The Shape of Mittens

I took a mitten knitting class once.  Taking knitting classes at all is a rare thing for me, but it's a fantastic thing to do once in a while.  In a class about mittens, for instance, you might learn that you've been wrapping your purl stitches backwards all your life, which is why your flat stockinette stitch always looked odd.  A useful thing to know.

Anyway, I took this mitten knitting class, knit one miniature sample mitten and took home the multi-sized and multi-gauged pattern that came with the class so I could forever afterward make mittens whenever I wanted with whatever yarn I wanted for whosoever's hands I wanted.

Then I lost the pattern.

But that hardly matters, because before I had really lost the pattern, I felt like since I'd taken the class (a year or so previously, by this point), I "knew" how to knit mittens, so there was really no need to pull out the pattern.

So, at that point, I knit some mittens for my husband for Christmas, without the pattern.  They are squishy and warm and have very useful flip-tops and some other complexities.  He wears them and they keep his hands warm.  I recently wore them myself while doing a day-after-Christmas ropes course in cold driving rain (it was a bonding experience with our siblings; I believe they appreciated it!) and they kept my hands almost comfortable even though they held the rain like sponges, rivulets running down my wrists and forearms every time I grabbed a carabiner.

The main problem with these mittens is that they are shaped like ping pong paddles.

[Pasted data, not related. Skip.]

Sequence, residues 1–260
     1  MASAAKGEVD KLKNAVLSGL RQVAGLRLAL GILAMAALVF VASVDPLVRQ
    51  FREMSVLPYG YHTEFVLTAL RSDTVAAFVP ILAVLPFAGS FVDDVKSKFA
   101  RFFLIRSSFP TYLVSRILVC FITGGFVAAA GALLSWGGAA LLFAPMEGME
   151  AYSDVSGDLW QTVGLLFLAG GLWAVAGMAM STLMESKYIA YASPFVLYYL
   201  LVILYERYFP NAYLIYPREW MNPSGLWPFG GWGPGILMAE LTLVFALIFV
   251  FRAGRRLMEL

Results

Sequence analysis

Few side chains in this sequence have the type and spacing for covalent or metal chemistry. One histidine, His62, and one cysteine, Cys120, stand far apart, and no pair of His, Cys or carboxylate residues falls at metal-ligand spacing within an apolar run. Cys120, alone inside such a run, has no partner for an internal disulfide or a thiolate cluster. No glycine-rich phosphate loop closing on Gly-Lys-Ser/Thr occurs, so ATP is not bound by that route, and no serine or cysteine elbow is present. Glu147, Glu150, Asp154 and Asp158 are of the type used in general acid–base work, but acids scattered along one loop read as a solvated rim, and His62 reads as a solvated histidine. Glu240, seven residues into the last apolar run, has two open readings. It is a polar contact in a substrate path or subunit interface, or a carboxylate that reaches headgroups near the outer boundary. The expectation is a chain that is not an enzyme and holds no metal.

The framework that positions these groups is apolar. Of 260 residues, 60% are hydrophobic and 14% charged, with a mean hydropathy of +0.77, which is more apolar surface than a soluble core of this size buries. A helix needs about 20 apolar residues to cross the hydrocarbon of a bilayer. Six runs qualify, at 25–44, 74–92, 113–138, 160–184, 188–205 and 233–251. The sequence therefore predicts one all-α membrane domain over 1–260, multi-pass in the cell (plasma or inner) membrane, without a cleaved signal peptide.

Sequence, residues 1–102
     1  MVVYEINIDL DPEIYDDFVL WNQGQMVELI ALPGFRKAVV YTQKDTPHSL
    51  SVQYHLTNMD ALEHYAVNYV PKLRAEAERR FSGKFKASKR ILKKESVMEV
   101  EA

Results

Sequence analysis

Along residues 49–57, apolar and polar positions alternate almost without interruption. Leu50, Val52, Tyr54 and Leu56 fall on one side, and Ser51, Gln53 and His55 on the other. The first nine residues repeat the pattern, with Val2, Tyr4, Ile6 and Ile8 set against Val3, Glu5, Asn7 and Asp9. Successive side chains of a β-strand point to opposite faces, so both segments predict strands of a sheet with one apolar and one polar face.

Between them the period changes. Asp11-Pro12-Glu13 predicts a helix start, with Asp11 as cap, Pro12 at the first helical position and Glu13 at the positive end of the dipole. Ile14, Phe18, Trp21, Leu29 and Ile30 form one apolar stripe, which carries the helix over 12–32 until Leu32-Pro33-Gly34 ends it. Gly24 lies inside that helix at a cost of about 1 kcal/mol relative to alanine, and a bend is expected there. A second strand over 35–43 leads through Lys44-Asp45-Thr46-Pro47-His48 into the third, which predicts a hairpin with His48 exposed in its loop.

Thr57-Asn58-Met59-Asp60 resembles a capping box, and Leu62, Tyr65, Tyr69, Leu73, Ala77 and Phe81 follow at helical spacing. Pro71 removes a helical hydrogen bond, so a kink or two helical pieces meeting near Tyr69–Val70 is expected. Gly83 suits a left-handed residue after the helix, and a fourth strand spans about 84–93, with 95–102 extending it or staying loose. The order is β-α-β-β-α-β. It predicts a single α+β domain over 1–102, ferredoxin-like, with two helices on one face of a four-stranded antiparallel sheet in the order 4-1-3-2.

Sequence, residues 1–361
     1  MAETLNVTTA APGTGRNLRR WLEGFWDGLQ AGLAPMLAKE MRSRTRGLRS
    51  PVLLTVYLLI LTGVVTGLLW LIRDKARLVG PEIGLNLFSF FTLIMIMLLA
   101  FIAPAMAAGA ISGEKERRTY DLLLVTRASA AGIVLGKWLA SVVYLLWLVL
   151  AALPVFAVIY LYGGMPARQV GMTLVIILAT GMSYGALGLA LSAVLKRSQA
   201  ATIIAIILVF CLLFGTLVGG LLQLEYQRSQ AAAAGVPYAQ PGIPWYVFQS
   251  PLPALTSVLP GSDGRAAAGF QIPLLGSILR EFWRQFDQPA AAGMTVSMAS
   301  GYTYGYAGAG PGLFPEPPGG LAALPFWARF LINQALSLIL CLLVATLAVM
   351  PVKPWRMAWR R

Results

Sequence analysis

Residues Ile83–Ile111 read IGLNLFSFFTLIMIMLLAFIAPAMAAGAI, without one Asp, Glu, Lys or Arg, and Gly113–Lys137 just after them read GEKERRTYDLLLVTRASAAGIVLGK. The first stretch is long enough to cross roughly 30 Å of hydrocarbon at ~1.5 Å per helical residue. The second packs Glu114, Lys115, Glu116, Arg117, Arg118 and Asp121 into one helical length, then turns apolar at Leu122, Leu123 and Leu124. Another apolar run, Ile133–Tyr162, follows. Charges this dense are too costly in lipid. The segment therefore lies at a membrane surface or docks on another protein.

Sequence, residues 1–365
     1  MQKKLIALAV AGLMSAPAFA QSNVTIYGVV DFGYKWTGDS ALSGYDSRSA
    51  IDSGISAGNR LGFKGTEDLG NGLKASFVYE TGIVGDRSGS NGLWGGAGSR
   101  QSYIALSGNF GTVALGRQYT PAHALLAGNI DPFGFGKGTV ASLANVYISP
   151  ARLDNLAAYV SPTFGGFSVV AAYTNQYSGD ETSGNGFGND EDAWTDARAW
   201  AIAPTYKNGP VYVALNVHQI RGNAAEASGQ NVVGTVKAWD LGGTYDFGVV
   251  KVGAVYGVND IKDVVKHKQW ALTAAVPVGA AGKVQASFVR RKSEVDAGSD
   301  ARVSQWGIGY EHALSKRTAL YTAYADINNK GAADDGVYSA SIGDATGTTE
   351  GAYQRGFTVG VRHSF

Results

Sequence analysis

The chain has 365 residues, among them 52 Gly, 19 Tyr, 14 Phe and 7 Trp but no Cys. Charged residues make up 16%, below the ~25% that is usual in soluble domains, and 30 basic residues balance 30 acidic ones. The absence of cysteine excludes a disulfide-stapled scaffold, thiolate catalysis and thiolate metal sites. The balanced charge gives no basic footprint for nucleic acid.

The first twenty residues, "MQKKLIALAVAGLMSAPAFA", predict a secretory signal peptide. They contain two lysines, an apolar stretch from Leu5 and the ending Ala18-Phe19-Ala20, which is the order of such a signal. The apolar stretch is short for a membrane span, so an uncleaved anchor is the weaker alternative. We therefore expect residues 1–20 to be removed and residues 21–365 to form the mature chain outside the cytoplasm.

This, I finally deduced, is because I had not remembered from the class where the decreases should go.  (It's not that I wanted them pointy.  I know there are mitten knitters that cannot abide a non-pointy mitten and I respect that.  But as a general rule, for me, I like a nice rounded comfy looking mitten, the kind of mitten you think of when you hear, "Good night mittens and goodnight kittens.")

So the next time I made mittens, I figured the decreases had to go in the middle of the front and back of the hand, forcing the sides of the mitten to curve around and meet, instead of at the sides, which just cuts them to shape at their edges.

Thinking the decreases must be paired and every other round (because a series of raglan sweater projects had led me to believe that decreases must almost always be paired and every other round), I thought I'd be clever and do one decrease on every round, alternating the direction of decreases so they would kind of interlace each other, kind of like a zipper.  Furthering the cleverness and thinking it would highlight the zipping decreases, I would carry the simple color pattern through the decreases instead of switching to just the background color.


Terribly clever, except that I didn't intend them to be pointy.  They're very cute for my three-year-old (although she did once refuse to wear them "because I don't want look like a birdy!"), but not Good Night Moon kitten mitten cute.

Pattern still lost, knitterly stubbornness still preventing me from seeking out instruction in any other forum, I cast on another pair, for my son.  I saved myself the fiddly-ness of keeping both colors through the decreases (much more irritating than clever, although on the pointy mittens it does make me think of stars and I rather like that... I thought about writing up the pattern just so I could call them "Starlight Mittens") and did double decreases on both sides in every round.


Finally, a classic cozy, Good Night Moon mitten!  The kind of mitten that rhymes with kitten.